They say a picture is worth a thousand words and the comparison photo above is a testament to that. Both images are PET-CT scans of the same neuroendocrine cancer patient.
The one on the left uses the current detection methods available in our region, while the right scan uses the gallium-68 DOTATATE tracer. As you can see, the gallium-68 DOTATATE scan (right) is able to detect the neuroendocrine tumour sites with unparalleled accuracy. This accuracy means a targeted treatment plan can be immediately put in place to address the needs of the patient.
When our QEII cancer care experts, including radiologists and oncologists, have the right tools in hand, they are able to do their best work and deliver the care you and your loved ones deserve. With the right tracer – funded by generous donors in our community – our QEII teams can save more lives.
Without our donor community, major advancements – like bringing Atlantic Canada’s first gallium-68 DOTATATE tracer to the QEII – wouldn’t be possible.
Here are some of the key benefits of this detection tool and the impact your generosity will have when you support this campaign:
LOCAL ACCESS to a cancer imaging scan that patients in our region currently travel to Quebec and beyond to receive. This is critical, especially in a pandemic.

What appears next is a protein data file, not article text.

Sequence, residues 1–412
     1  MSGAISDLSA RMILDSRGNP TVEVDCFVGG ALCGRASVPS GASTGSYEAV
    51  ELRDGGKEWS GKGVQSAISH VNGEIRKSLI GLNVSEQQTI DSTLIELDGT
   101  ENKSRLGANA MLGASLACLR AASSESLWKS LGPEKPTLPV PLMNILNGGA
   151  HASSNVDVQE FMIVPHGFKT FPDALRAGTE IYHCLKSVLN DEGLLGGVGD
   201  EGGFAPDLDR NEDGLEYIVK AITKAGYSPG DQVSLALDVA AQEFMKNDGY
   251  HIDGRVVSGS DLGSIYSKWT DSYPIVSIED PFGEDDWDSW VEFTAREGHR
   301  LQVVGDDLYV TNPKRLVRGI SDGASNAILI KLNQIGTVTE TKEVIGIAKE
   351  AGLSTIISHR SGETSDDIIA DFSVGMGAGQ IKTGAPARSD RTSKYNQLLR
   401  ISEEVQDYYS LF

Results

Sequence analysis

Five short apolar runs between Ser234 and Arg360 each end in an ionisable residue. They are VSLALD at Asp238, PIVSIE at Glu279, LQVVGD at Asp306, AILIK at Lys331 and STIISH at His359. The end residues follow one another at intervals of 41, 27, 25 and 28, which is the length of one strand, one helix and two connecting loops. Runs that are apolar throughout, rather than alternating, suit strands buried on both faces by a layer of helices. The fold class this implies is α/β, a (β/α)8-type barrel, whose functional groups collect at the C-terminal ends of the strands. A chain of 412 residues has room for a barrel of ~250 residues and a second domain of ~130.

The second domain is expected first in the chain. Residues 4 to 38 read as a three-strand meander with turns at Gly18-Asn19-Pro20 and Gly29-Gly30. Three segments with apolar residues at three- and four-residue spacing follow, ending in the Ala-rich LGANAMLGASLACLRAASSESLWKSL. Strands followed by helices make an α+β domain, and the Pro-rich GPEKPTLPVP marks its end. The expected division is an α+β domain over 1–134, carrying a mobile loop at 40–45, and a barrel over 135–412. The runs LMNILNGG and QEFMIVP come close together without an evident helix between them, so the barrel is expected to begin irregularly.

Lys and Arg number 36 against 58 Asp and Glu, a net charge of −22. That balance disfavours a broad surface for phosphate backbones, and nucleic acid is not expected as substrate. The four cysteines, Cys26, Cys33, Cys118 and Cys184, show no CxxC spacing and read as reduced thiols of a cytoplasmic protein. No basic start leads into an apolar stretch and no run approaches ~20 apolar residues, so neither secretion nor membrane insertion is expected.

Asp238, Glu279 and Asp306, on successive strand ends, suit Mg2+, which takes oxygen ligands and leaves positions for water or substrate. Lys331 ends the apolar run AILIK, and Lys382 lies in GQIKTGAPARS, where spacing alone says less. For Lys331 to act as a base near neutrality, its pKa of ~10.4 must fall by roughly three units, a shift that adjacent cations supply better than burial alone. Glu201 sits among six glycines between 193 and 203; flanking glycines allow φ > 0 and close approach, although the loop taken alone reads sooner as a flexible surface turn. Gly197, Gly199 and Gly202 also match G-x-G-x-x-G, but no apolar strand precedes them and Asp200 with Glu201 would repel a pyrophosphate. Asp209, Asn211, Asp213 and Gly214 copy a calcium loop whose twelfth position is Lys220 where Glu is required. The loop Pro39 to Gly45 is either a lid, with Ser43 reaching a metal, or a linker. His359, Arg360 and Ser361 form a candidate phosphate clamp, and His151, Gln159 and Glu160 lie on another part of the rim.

SLASHING TOTAL SCAN TIME FROM FOUR HOURS TO 20 MINUTES, reducing the time a patient must lay still, improving comfort and reducing radiation exposure.
MORE ACCURATE SCANS MEAN FASTER ANSWERS and that patients receive the most targeted treatments and avoid additional tests, such as MRIs.
OPENS DOORS TO DIAGNOSE AND TREAT PROSTATE CANCER and other cancers as gallium based PET-CT scans are increasingly being used.
LESS TIME SPENT IN HOSPITAL by reducing scan appointments from three to one, when compared to the current method.
NEW TREATMENTS AND RESEARCH OPPORTUNITIES thanks to best-in-class imaging; this can provide a lifesaving option for patients.
LESS FINANCIAL STRESS FOR PATIENTS as they no longer travel out of region to access gallium-68 DOTATATE. Some local patients have paid up to $8,000 CAD to access this scan in the U.S.